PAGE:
You are asking why this is - do I have that right?

    You're still leaving out some key details from the types of chickens you are comparing - I've been using Google to try and narrow down what you are asking:

    From the BBC http://www.bbc.co.uk/food/get_cooking/cooks_guide/poultry.shtml :
    Corn-fed chickens have yellow flesh and are widely considered to have more flavour than birds fed on fishmeal or soya (the usual diet of other factory-farmed fowl).

    So right there, is a big part of the higher cost for corn-fed. Their grocery counterparts are fed soya or fishmeal, which iirc are cheaper than corn.

    I should add that I also saw an article from 2007/business.timesonline.co.uk that said:
    tests conducted last week by government scientists on behalf of this newspaper portray a very different picture of the supermarket’s chicken. They have shown that birds had not consumed enough maize to justify the label and that the supermarket is in breach of strict EU laws. The findings follow concerns that some retailers and producers are “passing off” cheaper chickens as corn-fed to hike up their prices.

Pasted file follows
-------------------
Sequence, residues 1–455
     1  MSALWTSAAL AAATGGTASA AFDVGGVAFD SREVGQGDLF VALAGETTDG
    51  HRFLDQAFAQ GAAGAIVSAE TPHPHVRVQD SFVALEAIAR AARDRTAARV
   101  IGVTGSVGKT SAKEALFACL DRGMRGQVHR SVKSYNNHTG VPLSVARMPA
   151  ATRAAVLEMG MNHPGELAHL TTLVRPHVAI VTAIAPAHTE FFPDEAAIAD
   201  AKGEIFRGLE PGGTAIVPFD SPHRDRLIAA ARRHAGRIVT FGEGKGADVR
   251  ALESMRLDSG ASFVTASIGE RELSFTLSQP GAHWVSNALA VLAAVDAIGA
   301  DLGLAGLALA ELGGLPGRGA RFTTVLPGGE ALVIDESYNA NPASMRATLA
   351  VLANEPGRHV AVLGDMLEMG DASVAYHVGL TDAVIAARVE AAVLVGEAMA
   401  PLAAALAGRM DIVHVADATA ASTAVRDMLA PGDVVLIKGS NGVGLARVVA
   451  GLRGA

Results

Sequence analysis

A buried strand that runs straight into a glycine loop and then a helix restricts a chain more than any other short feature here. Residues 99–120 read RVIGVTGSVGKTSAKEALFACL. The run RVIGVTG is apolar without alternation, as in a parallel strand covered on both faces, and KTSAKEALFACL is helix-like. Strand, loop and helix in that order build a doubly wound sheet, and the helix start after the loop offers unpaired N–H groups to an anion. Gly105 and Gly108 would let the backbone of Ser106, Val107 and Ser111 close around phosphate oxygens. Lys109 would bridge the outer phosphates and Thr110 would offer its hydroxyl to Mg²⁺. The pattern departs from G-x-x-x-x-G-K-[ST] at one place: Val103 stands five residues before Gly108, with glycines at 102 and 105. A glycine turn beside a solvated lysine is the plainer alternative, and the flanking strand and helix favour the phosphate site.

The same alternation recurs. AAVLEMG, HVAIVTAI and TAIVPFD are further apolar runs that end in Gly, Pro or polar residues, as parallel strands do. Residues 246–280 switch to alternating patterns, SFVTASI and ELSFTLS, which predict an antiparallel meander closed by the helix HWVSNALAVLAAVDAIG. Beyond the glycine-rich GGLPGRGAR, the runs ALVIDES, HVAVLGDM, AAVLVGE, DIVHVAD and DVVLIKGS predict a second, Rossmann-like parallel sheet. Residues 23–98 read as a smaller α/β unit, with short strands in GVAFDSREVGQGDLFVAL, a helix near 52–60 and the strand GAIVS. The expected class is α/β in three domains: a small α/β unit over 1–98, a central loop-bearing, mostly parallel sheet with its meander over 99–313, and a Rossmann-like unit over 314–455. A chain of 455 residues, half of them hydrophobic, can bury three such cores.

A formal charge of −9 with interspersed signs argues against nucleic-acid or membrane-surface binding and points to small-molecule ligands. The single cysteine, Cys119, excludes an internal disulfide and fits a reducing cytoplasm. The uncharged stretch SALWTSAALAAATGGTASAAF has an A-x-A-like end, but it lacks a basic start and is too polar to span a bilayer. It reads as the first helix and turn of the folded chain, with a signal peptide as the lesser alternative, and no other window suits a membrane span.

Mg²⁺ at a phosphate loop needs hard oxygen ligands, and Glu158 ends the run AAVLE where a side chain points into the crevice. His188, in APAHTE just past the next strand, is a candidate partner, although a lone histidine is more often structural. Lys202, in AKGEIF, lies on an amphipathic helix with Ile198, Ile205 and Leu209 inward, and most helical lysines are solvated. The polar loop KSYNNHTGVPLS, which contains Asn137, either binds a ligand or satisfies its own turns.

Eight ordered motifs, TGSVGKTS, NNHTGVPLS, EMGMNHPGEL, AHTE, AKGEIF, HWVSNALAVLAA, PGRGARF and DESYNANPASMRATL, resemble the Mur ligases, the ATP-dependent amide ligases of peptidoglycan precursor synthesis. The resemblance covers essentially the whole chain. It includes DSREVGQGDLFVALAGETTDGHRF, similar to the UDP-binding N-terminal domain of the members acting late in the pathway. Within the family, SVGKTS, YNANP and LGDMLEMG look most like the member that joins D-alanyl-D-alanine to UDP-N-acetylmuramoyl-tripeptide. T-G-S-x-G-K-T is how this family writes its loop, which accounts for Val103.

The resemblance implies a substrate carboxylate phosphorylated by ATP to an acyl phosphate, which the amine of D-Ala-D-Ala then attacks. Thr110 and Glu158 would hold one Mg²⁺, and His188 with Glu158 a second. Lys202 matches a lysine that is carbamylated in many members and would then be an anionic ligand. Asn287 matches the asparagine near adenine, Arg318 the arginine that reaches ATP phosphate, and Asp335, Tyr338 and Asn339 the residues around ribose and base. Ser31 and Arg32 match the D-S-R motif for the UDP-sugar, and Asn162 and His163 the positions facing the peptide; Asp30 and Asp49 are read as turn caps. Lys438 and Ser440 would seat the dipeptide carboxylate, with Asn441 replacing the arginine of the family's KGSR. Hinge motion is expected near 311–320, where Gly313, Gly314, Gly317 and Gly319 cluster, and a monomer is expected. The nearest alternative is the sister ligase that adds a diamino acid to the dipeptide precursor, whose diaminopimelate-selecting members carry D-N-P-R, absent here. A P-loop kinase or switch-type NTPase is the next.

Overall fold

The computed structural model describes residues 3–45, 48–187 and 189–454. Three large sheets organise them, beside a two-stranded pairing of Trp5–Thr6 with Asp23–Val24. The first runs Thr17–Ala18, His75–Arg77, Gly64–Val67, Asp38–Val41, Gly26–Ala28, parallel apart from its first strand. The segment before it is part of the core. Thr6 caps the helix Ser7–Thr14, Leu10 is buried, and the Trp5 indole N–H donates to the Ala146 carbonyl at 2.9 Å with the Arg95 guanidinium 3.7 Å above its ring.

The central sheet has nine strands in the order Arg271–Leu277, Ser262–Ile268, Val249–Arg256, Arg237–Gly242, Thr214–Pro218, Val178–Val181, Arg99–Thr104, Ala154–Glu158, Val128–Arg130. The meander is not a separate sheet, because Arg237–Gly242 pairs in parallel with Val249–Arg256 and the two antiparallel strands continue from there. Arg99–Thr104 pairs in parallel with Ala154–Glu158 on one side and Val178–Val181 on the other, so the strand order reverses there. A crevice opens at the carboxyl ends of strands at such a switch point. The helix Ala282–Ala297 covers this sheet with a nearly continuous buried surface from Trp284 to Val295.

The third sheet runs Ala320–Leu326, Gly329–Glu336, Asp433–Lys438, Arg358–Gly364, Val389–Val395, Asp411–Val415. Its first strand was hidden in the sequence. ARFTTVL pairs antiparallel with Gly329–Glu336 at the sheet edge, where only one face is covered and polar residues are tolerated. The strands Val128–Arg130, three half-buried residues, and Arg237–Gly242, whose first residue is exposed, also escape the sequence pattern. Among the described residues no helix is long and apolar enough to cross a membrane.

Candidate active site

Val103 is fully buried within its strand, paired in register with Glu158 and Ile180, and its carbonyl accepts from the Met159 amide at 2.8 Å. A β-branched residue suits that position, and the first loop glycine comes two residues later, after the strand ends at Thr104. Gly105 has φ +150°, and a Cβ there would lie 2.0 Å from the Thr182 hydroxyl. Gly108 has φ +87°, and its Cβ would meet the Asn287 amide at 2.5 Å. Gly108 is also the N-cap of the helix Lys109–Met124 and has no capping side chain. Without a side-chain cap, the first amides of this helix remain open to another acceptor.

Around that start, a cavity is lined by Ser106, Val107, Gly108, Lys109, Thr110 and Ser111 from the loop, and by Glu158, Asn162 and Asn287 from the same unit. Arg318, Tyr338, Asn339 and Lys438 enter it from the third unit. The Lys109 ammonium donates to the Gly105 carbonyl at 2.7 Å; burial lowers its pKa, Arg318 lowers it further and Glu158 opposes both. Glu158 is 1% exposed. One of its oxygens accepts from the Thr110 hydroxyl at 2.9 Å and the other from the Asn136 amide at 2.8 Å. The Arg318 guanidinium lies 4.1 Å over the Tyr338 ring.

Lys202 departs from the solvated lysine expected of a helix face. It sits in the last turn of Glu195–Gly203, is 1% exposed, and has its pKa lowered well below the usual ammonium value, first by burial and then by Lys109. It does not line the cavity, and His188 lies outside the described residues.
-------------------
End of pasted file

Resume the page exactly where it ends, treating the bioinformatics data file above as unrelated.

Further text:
Corn-fed chickens are supposed to have a unique flavour and yellow colour – but have been beset by allegations that unscrupulous sellers use dye. Simon Baty, the business development manager at the Central Science Laboratory, said: “Fraudulent farmers have been known to put yellow food dye in their chicken feed in order to produce this healthy colour.”

    ** for the note-takers - this same thing happens with eggs, check your feed bag labels for additives such as Marigold petals, which help keep the yolks nice and orange.

    In addition, anything labeled 'free-range' is going to command a premium price, compared to basic factory chickens - no matter how 'off base' that is with our view of 'free-range' (p.s., if you're taking notes, and your chickens eat grass and play outside, you're a bit more pasture-ranged than free-range. Free range *by definition of the large companies (because the USA doesn't regulate these terms as thoroughly as the UK)* is 'freedom to move around in the crowded barn, not restricted in battery cages', whereas, pasture includes time spent on a pasture, or grass and dirt.)